Beaney quotes the Expert Group’s Report as describing cross border life insurance as important, even though the volume is low (4.1% of EU gross premiums in 2007), because 'it provides a means to introduce innovative ideas and products to markets which might not be considered necessary or in their interests by incumbent domestic players'. It calls this meeting latent demand and gives as an example the successful introduction of unit linked products into Nordic Countries and Germany. It points out that contract law obstacles can be met at every phase of the duration of a policy and Beaney considers some of these:

• Pre contract disclosure rules can be very detailed and demanding and vary widely between countries
• Rules about how a contract is made and documented also vary widely
• Even cooling off rules can differ greatly
• Requirements in the event of non payment of premiums also vary from member state to state.

The Report also considers the situation of expatriates who want to purchase products from their home state. The basic principle is that the contract is subject to the laws of the state where the policyholder has his habitual residence, not where the insurer has its head office. For large risks there is a free choice of law but for mass risk insurance this is limited. A policyholder may elect to be subject to the laws of the state of which he is a national but any laws considered mandatory by the host state plus the “general good” will still apply. This latter concept is not precisely defined and means that contracts must accord with the public policy and moral requirements of the host state. In many instances this can be abused for purely domestic regulatory thinking. Beaney gives the example that in Belgium unit linked charges may not be taken by cancelling units whilst in France they must be taken by cancelling units.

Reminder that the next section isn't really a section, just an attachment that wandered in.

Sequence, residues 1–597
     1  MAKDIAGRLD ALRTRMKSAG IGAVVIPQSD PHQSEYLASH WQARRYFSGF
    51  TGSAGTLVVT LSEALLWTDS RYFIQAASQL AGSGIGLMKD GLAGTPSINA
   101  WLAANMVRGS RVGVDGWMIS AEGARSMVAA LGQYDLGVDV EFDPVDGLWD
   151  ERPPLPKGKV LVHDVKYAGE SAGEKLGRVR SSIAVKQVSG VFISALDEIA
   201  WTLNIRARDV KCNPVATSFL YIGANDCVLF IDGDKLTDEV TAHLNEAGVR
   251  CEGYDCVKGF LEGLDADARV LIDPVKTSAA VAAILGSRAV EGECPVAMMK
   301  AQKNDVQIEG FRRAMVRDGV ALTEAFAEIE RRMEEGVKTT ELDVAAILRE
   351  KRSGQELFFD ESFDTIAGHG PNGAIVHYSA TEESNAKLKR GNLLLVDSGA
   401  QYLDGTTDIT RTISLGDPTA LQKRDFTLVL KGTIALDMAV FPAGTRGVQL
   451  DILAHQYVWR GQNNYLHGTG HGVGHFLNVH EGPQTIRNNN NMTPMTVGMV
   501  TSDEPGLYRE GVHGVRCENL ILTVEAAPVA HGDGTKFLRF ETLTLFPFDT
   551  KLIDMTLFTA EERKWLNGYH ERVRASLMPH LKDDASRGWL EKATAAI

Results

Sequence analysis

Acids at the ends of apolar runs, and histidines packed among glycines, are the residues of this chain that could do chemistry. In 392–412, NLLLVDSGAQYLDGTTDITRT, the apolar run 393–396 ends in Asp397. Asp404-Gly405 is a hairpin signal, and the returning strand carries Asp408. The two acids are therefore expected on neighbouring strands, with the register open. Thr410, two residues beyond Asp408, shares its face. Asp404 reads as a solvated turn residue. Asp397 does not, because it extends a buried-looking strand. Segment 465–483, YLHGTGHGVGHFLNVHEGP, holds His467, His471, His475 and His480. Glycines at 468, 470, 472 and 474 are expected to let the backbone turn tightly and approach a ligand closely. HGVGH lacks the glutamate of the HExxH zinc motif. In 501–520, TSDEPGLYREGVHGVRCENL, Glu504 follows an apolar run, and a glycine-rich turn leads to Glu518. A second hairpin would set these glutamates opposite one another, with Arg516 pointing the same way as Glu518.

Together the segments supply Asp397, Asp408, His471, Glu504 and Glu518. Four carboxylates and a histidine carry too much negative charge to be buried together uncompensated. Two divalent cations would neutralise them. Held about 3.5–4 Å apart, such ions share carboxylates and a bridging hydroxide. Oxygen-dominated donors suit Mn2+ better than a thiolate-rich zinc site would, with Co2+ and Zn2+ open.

Unless it is possible to resolve the issue of “general good” Beaney fears that a 2nd regime will not be of real practical value. Even if that issue can be resolved other obstructions to cross border business will remain, notably differences in taxation and the classification of business as insurance or investment which differs from state to state.

Nevertheless the drive to create a genuine single market remains. Beaney references a report by EIOPA for the Commission also published in February this year and entitled Towards an EU single market for personal pensions. In this report EIOPA recognises contract law along with taxation and social and labour law as major obstacles and acknowledges the role the PEICL could play in alleviating the contract issues. Beaney concludes that the need to deal with the savings deficit more than any other factor may be the incentive for member states to work towards a common framework. But don’t hold your breath.
John Lyons is an actuary and non-executive director and is insurance correspondent for Finance Dublin.
This article appeared in the July 2014 edition.